Cheers & Jeers

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Jeers: to election apathy. An outfit called Happy City St. John’s held a well-publicized municipal candidates forum Thursday night. But the turnout was less than impressive. Of 29 candidates vying for seats on council, only 17 showed up. Kudos to Sheilagh O’Leary and Jennifer McCreath, respectively, for being the only mayor and deputy mayor candidates to make an appearance. Apparently Dennis O’Keefe, Geoff Chaulk and Ron Ellsworth had better things to do. Then again, audience numbers weren’t the best, either. Only about 70 people showed up at MUN’s Bruneau Centre to hear the candidates answer a wide variety of questions. In short: if you’re not interested in giving candidates a road test, don’t complain about potholes on your street afterwards.

Cheers: to brave accountants. Good luck to the poor sod who ends up with a new position being advertised by the Canadian Senate. The posting is pretty blunt about what the job entails: “Typically, the contact with clients (i.e. senators) will be to give, exchange or clarify information, for example, having to reduce the amount of an expense claim or not being able to approve the reimbursement of a given expense. However, exchanges may be more difficult and require greater effort when dealing with problems.” The pay? Between $47,818 and $60,506, depending on qualifications. Hmmm … does that include contact pay?

Cheers: to drawing a line in the sand. Quebec’s hardline stance against cultural diversity has drawn plenty of condemnation — and rightly so. But there are some “cultural” practices that cannot be tolerated in this country, and one of them is honour killing. The federal government is taking measures to stamp out this barbaric rite, along with other forms of domestic violence related to cultural background. Status of Women Minister Kellie Leitch announced more than $300,000 in federal money last week for a project to curtail domestic violence linked to cultural practices among some Muslim families. “I think Canadians and Canada is a very open and generous country, and we don’t want to extend — and we don’t extend — any tolerance to harmful cultural practices: spousal abuse, killing in the name of so-called ‘honour,’ female genital mutilation,” Leitch told reporters. The money will chiefly go to a two-year national community program to be offered by the Canadian Council of Muslim Women.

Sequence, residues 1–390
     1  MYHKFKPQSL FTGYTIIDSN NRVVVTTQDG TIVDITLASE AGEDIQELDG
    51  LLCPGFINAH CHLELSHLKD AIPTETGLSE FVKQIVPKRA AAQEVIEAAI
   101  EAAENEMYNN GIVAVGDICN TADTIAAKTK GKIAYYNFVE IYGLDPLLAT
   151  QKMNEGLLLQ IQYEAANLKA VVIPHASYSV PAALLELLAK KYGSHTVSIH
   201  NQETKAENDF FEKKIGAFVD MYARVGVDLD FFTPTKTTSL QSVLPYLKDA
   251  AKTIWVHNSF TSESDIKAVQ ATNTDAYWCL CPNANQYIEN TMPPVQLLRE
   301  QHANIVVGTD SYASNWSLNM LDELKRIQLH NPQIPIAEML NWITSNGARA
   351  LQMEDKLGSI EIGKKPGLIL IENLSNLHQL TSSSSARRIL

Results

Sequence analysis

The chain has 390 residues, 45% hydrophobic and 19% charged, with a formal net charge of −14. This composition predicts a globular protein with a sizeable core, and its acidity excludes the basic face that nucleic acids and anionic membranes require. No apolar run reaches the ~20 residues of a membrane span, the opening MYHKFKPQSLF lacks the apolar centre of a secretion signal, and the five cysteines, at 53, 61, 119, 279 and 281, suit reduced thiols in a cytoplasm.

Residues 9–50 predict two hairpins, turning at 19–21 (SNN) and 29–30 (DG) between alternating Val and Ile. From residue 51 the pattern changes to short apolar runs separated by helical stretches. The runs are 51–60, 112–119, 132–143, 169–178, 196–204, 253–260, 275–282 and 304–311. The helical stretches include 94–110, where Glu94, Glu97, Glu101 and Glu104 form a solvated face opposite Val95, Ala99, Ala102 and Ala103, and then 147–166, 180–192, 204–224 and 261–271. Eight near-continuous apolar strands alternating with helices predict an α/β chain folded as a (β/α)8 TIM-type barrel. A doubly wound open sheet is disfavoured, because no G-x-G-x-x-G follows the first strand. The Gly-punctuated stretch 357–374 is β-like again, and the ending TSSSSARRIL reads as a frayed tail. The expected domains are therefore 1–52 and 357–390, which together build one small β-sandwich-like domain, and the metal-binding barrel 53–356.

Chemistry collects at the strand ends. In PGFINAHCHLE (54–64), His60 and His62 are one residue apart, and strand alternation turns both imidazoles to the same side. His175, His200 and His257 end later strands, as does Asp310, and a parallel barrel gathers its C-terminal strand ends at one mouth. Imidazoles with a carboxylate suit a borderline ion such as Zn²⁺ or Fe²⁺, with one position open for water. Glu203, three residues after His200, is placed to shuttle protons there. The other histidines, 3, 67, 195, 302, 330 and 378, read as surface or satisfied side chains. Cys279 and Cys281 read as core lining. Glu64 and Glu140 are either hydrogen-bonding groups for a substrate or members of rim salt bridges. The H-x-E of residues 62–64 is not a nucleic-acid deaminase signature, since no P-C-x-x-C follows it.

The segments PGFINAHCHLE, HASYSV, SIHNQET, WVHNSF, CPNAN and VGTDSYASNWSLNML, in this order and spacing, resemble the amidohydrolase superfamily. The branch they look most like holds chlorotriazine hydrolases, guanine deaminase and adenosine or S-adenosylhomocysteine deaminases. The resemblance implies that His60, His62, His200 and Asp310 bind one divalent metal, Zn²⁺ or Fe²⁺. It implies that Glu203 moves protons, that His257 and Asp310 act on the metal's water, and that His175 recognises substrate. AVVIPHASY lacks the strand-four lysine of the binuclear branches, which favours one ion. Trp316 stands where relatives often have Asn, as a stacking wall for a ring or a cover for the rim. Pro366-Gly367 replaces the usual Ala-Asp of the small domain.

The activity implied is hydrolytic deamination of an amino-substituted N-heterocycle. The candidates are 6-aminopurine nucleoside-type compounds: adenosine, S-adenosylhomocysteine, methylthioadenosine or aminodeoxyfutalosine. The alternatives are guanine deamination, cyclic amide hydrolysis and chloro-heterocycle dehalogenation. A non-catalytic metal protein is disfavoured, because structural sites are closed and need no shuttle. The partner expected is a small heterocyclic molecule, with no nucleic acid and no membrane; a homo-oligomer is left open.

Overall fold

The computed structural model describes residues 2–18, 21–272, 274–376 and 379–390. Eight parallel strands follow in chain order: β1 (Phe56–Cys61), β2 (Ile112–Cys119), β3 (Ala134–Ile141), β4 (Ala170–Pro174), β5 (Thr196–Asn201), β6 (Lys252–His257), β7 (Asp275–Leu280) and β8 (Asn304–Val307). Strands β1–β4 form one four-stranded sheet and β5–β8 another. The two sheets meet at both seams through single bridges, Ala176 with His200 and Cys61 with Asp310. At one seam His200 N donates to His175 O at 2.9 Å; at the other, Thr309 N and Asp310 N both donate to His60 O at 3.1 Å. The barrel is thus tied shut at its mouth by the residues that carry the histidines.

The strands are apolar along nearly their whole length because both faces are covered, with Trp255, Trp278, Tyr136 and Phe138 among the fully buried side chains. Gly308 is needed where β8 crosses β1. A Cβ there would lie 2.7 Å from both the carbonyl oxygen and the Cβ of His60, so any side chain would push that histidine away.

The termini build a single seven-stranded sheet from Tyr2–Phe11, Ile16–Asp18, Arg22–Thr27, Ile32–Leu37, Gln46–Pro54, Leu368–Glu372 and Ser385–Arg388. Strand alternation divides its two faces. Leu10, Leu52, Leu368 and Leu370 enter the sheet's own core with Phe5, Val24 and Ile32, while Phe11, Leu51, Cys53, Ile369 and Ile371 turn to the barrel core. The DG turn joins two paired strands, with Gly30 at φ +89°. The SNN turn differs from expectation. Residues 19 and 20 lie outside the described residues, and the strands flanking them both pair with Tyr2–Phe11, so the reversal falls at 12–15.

Jeers: to lingering road repairs: as a St. John’s cab driver put it recently, it’s not hard to tell there’s a municipal election on the go. No, not because of all the election signs, but because of all the pylons and detours. Seems the sitting council wants to woo residents with their own

money. Problem is, is all this new pavement and concrete going to wrap up soon? Because it’s tying up traffic all over the city, and now we’re back into another school year. A lot of this work should probably have been done long ago. But that’s politics for you.

Organizations: Bruneau Centre, Canadian Senate, Canadian Council of Muslim Women.Jeers

Geographic location: Happy, Quebec, Canada

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Recent comments

  • Simple Math
    September 09, 2013 - 09:38

    If 29 candidates showed up to a "debate", each would only get 3 minutes out of an hour and a half to say anything. And for most of them, only a scant few of the 70 would be resident in their wards and eligible to vote. Why bother?

  • Abdul Saieed
    September 09, 2013 - 06:47

    A few days ago Pam Frampton wrote an excellent article against racism, then today you applaud Stephen Harper for coming out against honour killings in Muslim families. You call it a "cultural practice." Let's be clear, honour killings are not a "cultural practice" they are murder and in contravention to Islam and Canadian Law. Harper's only interest in pursuing this is to further label Islam as a violent religion.